Reminders from Pine Forest Camp!

Important dates:
First day of camp: Saturday, June 22nd
Visiting Day: Saturday, July 20th @ 11:30AM
Last day of camp: Saturday, August 10th

Important contact information:
PFC Summer Office: (570) 685-7141
Mountain Baggage: (570) 775-0556
R&B Baggage (for Florida families): (603) 536-2197
CampMeds: www.campmeds.com

PFC mailing address:
185 Pine Forest Road
Greeley, PA 18425

Policy reminders:
-Phone calls are not necessary, but one can be scheduled before Visiting Day and one after Visiting Day. You can schedule your first call once your camper arrives at camp.

NO packages, please!

Photos:
Photos from the day will be uploaded to CampInTouch almost every night. You can access them using the same login you use to fill out forms.

Expert tip: Mail a letter to your camper a few days before camp starts so that there’s one waiting for him or her on the first day of camp.

Follow us! @PineForestCamp

Mickey’s Book Club: Summer 2019!

A Note from Mickey Black:

I love to read. This summer I look forward to hosting the second season of “Mickey’s Book Club” for Middle school age campers. Stay tuned for the announcement of our first book for discussion!

One of my favorite authors for older campers and parents is John McPhee. He is an award-winning  non-fiction writer who is curious about everything. There is no one better at explaining how things works. And the range of his subject matter is limitless. He explains everything from fly –fishing in the Poconos, to building a bark canoe, to the origins of prehistoric oysters.

Last night as I was reading his latest collection of essays “The Patch,” I came across this passage that I wanted to share. He describes lecturing at an elite Northeastern college, when the first question raised by someone in the audience is “Of all the educational institutions you went to when you were younger, which one had the greatest influence on the work you do now?”

This is what he said.

“The question stopped me for a moment…Across my mind flashed the names of a public-school system K though 12, a New England private school (13), and two universities-one in the United States, one  abroad -and in a split second I blurted out. ‘The children’s camp I went to when I was six years old’… The response drew general laughter, but, funny or not, it was the simple truth.”

McPhee spent his summers at Camp Keewaydin , an all boys, primarily canoeing camp in Vermont, but his observation about the profound and lifelong impact of camp on one’s intellect, curiosity and creativity is true of any good camp, like Pine Forest.

Camp teaches campers to be aware of all of the things and adventures around them and to find out more. It gives every camper a chance to explore whatever peeks  their curiosity at their own pace. And in today’s pre-programmed world, that is rare and special, indeed. With enthusiastic staff around them to guide them forward, there is no limit to what they will discover.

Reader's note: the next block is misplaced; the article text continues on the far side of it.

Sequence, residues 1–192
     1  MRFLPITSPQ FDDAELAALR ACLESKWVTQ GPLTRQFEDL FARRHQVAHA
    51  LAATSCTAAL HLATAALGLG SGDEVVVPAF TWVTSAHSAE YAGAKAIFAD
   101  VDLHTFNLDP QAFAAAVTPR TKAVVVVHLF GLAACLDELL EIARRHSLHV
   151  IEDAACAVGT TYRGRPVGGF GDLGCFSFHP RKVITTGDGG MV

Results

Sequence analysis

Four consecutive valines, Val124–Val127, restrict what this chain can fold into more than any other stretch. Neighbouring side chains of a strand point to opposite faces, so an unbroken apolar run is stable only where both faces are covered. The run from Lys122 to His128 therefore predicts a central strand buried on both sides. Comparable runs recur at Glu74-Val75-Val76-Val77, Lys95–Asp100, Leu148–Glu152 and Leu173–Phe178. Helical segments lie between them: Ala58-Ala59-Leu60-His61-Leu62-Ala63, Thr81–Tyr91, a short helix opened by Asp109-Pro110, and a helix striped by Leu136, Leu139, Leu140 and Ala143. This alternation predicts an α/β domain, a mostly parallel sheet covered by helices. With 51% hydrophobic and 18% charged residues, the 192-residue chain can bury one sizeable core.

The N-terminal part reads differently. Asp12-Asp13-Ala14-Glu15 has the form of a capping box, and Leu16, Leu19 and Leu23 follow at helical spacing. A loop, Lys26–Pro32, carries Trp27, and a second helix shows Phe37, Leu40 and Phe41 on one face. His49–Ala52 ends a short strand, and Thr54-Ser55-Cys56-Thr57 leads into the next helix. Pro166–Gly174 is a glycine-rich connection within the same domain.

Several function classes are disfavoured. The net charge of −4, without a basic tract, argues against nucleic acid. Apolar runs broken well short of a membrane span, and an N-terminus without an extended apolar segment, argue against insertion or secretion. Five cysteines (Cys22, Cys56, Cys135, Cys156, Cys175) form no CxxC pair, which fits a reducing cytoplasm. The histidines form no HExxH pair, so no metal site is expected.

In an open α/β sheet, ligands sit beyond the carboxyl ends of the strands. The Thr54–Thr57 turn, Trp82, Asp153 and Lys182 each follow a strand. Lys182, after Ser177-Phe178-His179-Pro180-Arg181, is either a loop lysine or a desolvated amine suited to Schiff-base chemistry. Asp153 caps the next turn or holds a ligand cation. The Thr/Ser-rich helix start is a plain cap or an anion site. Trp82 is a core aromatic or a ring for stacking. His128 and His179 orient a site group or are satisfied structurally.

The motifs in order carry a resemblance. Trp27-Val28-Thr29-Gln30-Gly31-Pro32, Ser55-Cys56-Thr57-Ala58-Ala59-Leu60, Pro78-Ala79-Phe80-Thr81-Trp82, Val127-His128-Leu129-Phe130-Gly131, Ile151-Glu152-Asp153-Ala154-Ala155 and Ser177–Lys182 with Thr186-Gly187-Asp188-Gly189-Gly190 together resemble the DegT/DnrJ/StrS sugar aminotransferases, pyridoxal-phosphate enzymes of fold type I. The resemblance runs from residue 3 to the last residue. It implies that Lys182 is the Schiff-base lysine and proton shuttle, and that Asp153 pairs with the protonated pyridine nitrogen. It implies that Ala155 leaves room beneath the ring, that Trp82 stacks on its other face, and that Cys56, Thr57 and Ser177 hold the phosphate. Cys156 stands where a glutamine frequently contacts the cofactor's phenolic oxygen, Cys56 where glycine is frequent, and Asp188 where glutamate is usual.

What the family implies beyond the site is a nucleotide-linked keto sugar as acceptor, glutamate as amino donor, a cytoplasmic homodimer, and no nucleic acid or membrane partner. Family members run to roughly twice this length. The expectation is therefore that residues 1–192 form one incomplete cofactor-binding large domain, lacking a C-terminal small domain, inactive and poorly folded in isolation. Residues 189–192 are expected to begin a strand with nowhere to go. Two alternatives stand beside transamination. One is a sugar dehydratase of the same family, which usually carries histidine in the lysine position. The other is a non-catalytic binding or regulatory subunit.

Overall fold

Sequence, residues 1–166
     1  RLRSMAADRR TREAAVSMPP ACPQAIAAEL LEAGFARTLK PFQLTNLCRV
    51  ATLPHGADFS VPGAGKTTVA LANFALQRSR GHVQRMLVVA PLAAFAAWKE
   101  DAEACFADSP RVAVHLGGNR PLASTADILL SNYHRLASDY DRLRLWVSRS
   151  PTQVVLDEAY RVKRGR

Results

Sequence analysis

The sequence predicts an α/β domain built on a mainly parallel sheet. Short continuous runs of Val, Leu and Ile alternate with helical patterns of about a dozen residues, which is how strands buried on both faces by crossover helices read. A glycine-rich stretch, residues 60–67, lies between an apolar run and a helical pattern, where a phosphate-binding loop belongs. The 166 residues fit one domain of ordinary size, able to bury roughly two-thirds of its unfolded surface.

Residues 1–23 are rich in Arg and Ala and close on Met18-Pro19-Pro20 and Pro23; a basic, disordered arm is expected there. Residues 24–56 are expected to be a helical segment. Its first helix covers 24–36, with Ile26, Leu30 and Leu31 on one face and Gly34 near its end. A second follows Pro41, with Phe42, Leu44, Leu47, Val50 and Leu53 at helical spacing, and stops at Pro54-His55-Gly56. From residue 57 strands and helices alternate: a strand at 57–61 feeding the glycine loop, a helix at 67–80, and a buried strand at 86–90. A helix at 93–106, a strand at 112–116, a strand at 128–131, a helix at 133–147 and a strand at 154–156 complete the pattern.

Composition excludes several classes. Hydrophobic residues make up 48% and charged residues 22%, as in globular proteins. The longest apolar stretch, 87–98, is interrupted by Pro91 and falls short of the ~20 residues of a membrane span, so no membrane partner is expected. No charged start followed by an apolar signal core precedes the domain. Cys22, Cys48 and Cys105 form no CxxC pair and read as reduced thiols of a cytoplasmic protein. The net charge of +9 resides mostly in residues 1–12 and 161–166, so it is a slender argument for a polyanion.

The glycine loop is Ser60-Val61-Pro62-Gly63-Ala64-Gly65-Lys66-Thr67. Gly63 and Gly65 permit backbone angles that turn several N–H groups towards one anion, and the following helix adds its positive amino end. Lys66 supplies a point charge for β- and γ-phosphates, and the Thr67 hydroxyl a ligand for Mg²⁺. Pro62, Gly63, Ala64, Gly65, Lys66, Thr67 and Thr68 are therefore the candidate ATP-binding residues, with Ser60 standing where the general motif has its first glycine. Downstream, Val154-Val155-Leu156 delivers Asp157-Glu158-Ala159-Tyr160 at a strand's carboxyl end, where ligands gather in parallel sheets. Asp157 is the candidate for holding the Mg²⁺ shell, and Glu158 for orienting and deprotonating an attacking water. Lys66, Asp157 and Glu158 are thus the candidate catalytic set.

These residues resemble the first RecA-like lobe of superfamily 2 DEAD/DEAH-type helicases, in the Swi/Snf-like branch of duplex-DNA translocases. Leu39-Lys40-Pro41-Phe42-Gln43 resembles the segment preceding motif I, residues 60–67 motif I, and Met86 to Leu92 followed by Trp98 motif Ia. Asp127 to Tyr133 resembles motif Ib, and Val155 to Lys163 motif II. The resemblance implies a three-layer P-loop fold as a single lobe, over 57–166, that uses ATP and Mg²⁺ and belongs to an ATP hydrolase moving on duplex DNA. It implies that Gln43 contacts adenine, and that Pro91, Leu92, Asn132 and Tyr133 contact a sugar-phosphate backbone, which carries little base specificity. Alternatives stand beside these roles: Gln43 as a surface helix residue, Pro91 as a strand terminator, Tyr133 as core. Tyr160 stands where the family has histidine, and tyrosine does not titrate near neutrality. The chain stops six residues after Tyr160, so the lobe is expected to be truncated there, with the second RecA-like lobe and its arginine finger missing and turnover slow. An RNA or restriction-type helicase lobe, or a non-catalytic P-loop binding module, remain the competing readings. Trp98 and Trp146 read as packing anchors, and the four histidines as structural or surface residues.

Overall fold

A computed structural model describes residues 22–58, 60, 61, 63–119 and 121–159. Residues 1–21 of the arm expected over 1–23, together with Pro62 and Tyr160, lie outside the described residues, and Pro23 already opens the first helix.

Fun Facts about Pine Forest Camp!

“Check out these fun facts about Pine Forest Camp!”

  • Pine Forest was founded by Hughie Black, a teacher and professional basketball player. His team the Philadelphia SPHAS (South Philadelphia Hebrew Athletic Society) was the beginning of the Philadelphia Warriors (now the Golden State Warriors) and the Philadelphia 76ers. Hughie and his team are celebrated in the basketball Hall of Fame in Springfield, Massachusetts.
  • Established in 1931, Pine Forest was started in 1931 and is still owned and operated by its original family on the same land, making it one of the oldest camps under continuous ownership in America.
  • Pine Forest is located in the middle of 1,000 acres of woodlands but is only an hour and half away from NYC.
  • Campers come from 404 towns, 11 states and 6 countries.
  • The return rate of eligible campers is 98% and there are almost 100 new campers every summer, taking the place of those who “graduate”.
  • In partnership with Rustic Pathways our 11thgraders do community service, working with underprivileged children in Costa Rica.
  • The ratio of staff to campers is 1 staff member for every 2 campers.
  • An “Old-timers” Tree stands in the middle of camp with the names of those campers and counselors who have attended Pine Forest for at least 10 years. There are over 400 names on the tree.

 

The Trouble with Camp…

The trouble with camp is that camp ends.

The buses pull out this morning. In an instant, camp is silent. But the air will be filled with happy memories. Pine Forest’s 88th summer has come to a close and it was one of the best ever.

Thank you campers and counselors, housekeeping and maintenance, nurses and doctors and office staff, one and all, for making it such a tremendous season.

And now it’s back to home and school. But everyone who shared this wonderful summer comes home a little different. A little better. Keep the spirit of PFC alive all year long. Stay in touch.